Lessons from the Battle of Gettysburg

The Battle of Gettysburg was a decisive and bloody part of my nation’s history. It was the battle with the largest number of casualties in the Civil War, and is considered a major turning point of that war.

When I was in Hawaii, my mission president taught us three lessons from the Battle of Gettysburg, one from each day of the battle. Lest there be any Civil War buffs reading this blog, keep in mind that these lessons simplify a very complex battle.

I also won’t work too hard to apply each of these lessons. They fit many different situations, and perhaps you can get the most out of them applying them to your lives yourselves.

Day 1 – Recognize and Seize the Moment

On the first day of the battle, Confederate forces met Union forces at Seminary Ridge. During the course of the day, the Confederate forces pushed Union forces back to Cemetery Ridge.

But it was getting late. It was 4:30pm on a hot, southern afternoon, and the troops had been fighting all day. They were tired, and they were hungry. The Confederate troops called it a day.

But the Union forces did not rest. They spent the night reinforcing their line.

The Confederate army never regained this advantage, and they lost their chance to take the hill.

I like the poem by Henry Wadsworth Longfellow, particularly the last stanza:

We have not wings, we cannot soar;
But we have feet to scale and climb
By slow degrees, by more and more,
The cloudy summits of our time.

The mighty pyramids of stone
That wedge-like cleave the desert airs,
When nearer seen, and better known,
Are but gigantic flights of stairs.

The distant mountains, that uprear
Their solid bastions to the skies,
Are crossed by pathways, that appear
As we to higher levels rise.

The heights by great men reached and kept
Were not attained by sudden flight,
But they, while their companions slept,
Were toiling upward in the night.

Day 2 – Hold the High Ground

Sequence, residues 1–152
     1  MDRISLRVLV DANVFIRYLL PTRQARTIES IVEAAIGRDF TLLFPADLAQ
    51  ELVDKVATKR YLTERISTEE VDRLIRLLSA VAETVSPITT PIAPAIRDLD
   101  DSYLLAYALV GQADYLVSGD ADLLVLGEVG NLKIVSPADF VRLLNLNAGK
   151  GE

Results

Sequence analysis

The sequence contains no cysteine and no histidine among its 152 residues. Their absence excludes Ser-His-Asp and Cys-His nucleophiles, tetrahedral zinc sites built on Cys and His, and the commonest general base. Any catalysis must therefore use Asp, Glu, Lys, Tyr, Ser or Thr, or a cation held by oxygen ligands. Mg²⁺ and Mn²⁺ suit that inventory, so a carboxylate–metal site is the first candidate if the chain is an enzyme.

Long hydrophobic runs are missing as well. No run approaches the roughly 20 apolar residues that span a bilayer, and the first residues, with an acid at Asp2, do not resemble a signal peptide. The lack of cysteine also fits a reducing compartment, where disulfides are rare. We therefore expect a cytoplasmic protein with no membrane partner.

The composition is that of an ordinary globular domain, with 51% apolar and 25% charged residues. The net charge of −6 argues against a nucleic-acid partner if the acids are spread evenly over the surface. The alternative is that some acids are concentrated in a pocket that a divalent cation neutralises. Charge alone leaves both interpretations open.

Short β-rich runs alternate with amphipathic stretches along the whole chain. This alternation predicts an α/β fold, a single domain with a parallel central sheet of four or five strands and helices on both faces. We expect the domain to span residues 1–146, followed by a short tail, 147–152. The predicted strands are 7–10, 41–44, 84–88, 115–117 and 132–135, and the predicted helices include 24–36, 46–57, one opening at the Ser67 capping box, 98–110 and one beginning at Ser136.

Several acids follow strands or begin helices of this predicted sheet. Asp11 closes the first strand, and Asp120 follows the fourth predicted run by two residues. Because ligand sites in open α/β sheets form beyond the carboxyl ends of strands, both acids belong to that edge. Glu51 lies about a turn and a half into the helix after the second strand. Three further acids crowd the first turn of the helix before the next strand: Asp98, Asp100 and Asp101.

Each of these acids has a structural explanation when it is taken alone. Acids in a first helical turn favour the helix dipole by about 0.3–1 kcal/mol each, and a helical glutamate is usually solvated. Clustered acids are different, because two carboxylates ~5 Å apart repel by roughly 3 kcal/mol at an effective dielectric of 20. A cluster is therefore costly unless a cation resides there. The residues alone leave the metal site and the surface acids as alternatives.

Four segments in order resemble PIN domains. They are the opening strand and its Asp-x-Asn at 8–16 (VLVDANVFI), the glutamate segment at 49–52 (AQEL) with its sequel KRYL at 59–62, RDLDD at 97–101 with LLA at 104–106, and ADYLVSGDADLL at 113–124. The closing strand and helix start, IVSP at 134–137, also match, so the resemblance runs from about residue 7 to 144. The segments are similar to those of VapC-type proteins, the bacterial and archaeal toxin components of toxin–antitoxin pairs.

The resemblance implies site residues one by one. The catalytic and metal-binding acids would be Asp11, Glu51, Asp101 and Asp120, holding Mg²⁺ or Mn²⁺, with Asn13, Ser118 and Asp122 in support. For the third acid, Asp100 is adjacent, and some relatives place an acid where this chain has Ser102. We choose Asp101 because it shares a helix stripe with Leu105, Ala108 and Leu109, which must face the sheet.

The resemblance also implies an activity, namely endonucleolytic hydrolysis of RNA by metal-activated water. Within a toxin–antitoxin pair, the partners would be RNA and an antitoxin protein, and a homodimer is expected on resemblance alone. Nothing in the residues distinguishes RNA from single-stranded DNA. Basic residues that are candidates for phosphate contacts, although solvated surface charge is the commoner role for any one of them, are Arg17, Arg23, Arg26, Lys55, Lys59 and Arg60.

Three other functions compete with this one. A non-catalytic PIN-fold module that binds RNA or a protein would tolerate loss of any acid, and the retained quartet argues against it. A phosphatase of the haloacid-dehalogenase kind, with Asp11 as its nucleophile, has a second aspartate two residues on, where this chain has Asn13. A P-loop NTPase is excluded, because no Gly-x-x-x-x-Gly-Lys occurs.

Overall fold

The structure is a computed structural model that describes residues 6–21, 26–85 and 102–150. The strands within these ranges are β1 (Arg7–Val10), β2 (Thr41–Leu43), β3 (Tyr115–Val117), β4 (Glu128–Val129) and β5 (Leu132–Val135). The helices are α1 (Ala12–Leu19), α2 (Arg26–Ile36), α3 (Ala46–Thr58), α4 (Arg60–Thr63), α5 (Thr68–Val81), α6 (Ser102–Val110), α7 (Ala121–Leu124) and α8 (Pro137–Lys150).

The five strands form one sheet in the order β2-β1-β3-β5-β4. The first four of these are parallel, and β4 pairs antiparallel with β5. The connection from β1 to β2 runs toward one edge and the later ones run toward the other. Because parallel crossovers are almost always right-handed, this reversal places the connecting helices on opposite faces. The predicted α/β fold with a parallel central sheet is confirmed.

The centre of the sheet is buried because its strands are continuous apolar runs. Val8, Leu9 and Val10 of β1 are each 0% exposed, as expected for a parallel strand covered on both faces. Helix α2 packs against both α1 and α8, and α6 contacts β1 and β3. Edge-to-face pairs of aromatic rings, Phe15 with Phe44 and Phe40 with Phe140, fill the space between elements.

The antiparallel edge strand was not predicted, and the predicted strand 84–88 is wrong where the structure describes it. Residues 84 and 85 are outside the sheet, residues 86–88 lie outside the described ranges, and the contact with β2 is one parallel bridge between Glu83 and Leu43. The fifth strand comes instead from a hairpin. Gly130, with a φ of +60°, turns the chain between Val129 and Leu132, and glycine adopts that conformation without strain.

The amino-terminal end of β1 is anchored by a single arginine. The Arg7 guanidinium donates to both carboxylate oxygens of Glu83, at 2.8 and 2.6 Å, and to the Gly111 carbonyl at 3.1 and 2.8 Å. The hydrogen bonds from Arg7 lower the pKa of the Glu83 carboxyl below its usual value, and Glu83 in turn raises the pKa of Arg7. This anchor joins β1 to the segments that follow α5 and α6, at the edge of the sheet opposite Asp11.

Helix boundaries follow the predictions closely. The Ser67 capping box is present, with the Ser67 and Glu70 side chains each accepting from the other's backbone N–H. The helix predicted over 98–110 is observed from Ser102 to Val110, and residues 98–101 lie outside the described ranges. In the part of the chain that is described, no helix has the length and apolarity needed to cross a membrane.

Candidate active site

The Confederate forces wanted to take hills south of Cemetery Ridge. Cannons there could overlook the entire battlefield, and would be a significant advantage.

The Confederate force (the 15th Alabama) attacked the Union force (the 20th Maine) on Little Round Top several times. By the end of the fourth attack the 20th Maine, led by Lt. Chamberlain, had only 200 men and no ammunition.

The Confederate forces readied themselves for the fifth attack on Little Round Top. What did the Union men decide to do? They fixed their bayonets and charged the Confederate forces climbing the hill. The 15th Alabama fled in fear.

Have faith that you will be supported, sometimes even miraculously, as you hold to higher ground. Don’t be afraid to fix your own bayonets in defense of the high ground.

Day 3 – Strengthen the Core

The Battle of Gettysburg ended on its third day. Having failed in attacks on both Union flanks, Confederate forces engaged in what has come to be known as Pickett’s Charge. With around 12,500 men, the Confederates attacked the very core of the Union line.

How was the Union able to repel such a force? It was because their core was strong; their fundamentals were solid and their commanders involved.

In preparation for the main advance, the Confederate army fired at the Union line to soften up artillery and infantry. Unfortunately for the Confederate forces, Union artillery was unaffected by a Confederate barrage. Union commanders wisely ceased artillery fire slowly, giving the appearance that their cannons were being destroyed one by one. When Confederate infantry begin crossing the 3/4 mile plain towards the Union front line, they were exposed to heavy Union cannon fire (from the intact cannons) and suffered great casualties.

Union forces also flanked the Confederate forces. When Union fighters began to take casualties, Union leaders bolstered their moral. One commander, General Hays, had two horses shot from under him while he rode across the battle line shouting, “Hurrah! Boy’s, we’re giving them hell!”

Ultimately, Confederate forces suffered over 6,500 casualties because the Union was prepared to defend their core.

This is an age of political correctness, but we should not stand unprepared for attacks at the very center of our beliefs because we’re waiting for dogs nipping at the periphery.


Hopefully these lessons will have application to you. Good luck in the battle.


Leave a Reply

Fill in your details below or click an icon to log in:

WordPress.com Logo

You are commenting using your WordPress.com account. Log Out / Change )

Twitter picture

You are commenting using your Twitter account. Log Out / Change )

Facebook photo

You are commenting using your Facebook account. Log Out / Change )

Google+ photo

You are commenting using your Google+ account. Log Out / Change )

Connecting to %s